Table of Contents
- What is alcohol?
- How is alcohol made?
- How is alcohol metabolized?
- What are the negative effects of too much alcohol?
- What is alcohol's effect on weight?
- How does alcohol affect your blood sugar?
- Does alcohol cause nutritional deficiencies?
- Does alcohol cause nutritional deficiencies? (continued)
- Do beverages with artificial sweeteners react with alcohol?
- How much alcohol can you safely consume?
Quick GuideAlcohol Abuse: 12 Health Risks of Chronic Heavy Drinking
What is alcohol's effect on weight?
Are you guaranteed to gain weight by consuming alcohol? No. Does this mean that it has no impact on your weight? No. Weight gain comes down to taking in more calories than your body needs. When you consume alcohol, you are consuming calories. When those calories take you above the level that your body needs, you gain weight. Along with the calories, there may be even more ways that alcohol can lead to weight gain.
Research has shown both a positive and negative association between alcohol consumption and weight or BMI. Heavy drinking and binge drinking appear to be most likely to contribute to weight gain while light to moderate intake does not appear to be related. The studies vary in how they define each of these categories, and people are not always accurate about what they report. When it comes to your weight, it will come down to total calories consumed. In food, one gram of protein has 4 kcal; one gram of carbohydrates has 4 kcal; and one gram of fat has 9 kcal. With alcohol, one gram has 7 kcal. This can add up very quickly, especially with mixed drinks.
It's easy to forget that you can drink as many calories as you eat. In fact, some drinks can have as many calories as a meal! Check out how many calories you can get from your favorite cocktail below. Remember to check the serving size and to add the calories from any juice or soda that is combined with the liquor:
|Beer, lite, 12 oz.||100|
|Beer, regular, 12 oz.||150|
|Frozen daiquiri, 4 oz.||216|
|Gin, 1.5 oz.||110|
|Mai tai, 4 oz.||310|
|Margarita, 4 oz.||270|
|Rum, 1.5 oz.||96|
|Vodka, 1.5 oz.||96|
|Whiskey, 1.5 oz.||105|
|Wine spritzer, 4 oz.||49|
|Wine, dessert, sweet, 4 oz.||180|
The next time you reach for a cocktail before your meal, consider if it's worth the weight that you could be gaining from it. Research has shown a 20% increase in calories consumed at a meal when alcohol was consumed before the meal. There was a total caloric increase of 33% when the calories from the alcohol were added. Along with the increase in weight, you can have an increased risk to your health because of where you gain the weight. A study of over 3,000 people showed that consuming elevated amounts of alcohol is associated with abdominal obesity in men. Many people joke about this being a "beer belly." Unfortunately, a "beer belly" puts you at an increased risk for type 2 diabetes, elevated blood lipids, hypertension, and cardiovascular disease.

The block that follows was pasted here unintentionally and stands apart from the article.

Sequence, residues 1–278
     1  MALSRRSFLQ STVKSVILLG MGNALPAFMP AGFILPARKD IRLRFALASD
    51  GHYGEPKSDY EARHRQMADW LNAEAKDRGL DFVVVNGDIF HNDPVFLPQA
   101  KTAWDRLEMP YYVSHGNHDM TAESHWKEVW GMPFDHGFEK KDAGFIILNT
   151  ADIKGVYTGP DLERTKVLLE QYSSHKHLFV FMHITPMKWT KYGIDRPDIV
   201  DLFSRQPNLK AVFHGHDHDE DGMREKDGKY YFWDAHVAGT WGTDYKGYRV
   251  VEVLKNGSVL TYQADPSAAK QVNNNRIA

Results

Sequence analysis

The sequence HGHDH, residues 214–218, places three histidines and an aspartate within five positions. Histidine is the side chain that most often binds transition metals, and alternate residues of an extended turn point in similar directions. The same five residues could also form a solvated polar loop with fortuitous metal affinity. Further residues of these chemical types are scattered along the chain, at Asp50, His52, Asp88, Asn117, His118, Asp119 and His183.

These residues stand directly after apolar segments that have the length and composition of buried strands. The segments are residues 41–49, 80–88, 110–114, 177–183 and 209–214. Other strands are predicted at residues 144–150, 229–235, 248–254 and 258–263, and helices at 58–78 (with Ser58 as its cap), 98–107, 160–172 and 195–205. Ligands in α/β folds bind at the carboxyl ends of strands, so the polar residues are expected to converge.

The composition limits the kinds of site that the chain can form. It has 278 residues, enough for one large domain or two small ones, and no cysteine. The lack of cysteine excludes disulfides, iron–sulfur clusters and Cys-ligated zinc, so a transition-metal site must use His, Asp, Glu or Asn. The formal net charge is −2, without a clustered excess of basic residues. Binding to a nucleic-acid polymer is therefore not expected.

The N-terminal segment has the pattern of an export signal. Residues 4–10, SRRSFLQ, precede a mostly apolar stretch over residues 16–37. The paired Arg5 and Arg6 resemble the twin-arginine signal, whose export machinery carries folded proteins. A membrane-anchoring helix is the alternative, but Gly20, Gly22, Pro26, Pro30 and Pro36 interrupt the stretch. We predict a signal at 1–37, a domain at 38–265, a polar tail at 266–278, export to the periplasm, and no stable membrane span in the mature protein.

The late-night munchies are often associated with a night of drinking. Have you ever realized that any time that you drink alcohol you are hungrier or you end up eating more than usual? Studies have shown that in the short term, alcohol consumption stimulates food intake and can also increase feelings of hunger. Having your judgment impaired and stimulating your appetite is a recipe for failure if you are trying to follow a weight-control plan.
The form that alcohol comes in can also be part of the reason why you can gain weight from drinking. This applies to all liquids that contain calories. Research has shown that liquid calories are different than calories consumed from food when it comes to our weight. Imagine eating three to four oranges versus drinking an 8 oz glass of orange juice. The oranges take longer to consume because you need the time to chew, and you may also enjoy the taste and feel more than with drinking the juice, all of which can lead to feeling more satisfied with the food and more aware of the calories being consumed. Being aware of the calories can then lead you to cut back later on in the day, a practice known as leading to what is called dietary compensation. One study compared the effects of ~450 kcal from jelly beans versus juice on total caloric intake. They found that people tended to cut back on calories during the day when they had jelly beans, but not when they drank the juice.
Here are some tips for calorie reduction when consuming alcohol:
- Have one nonalcoholic drink in between each alcoholic drink.
- Select light versions whenever possible. "Light" means fewer calories, but these products are not calorie- or alcohol-free, so you will still need to limit your intake.
- Always have food in your stomach before you have a drink.
- Keep water available to quench your thirst while you drink alcoholic beverages.
- Learn to sip your drink to make it last longer.
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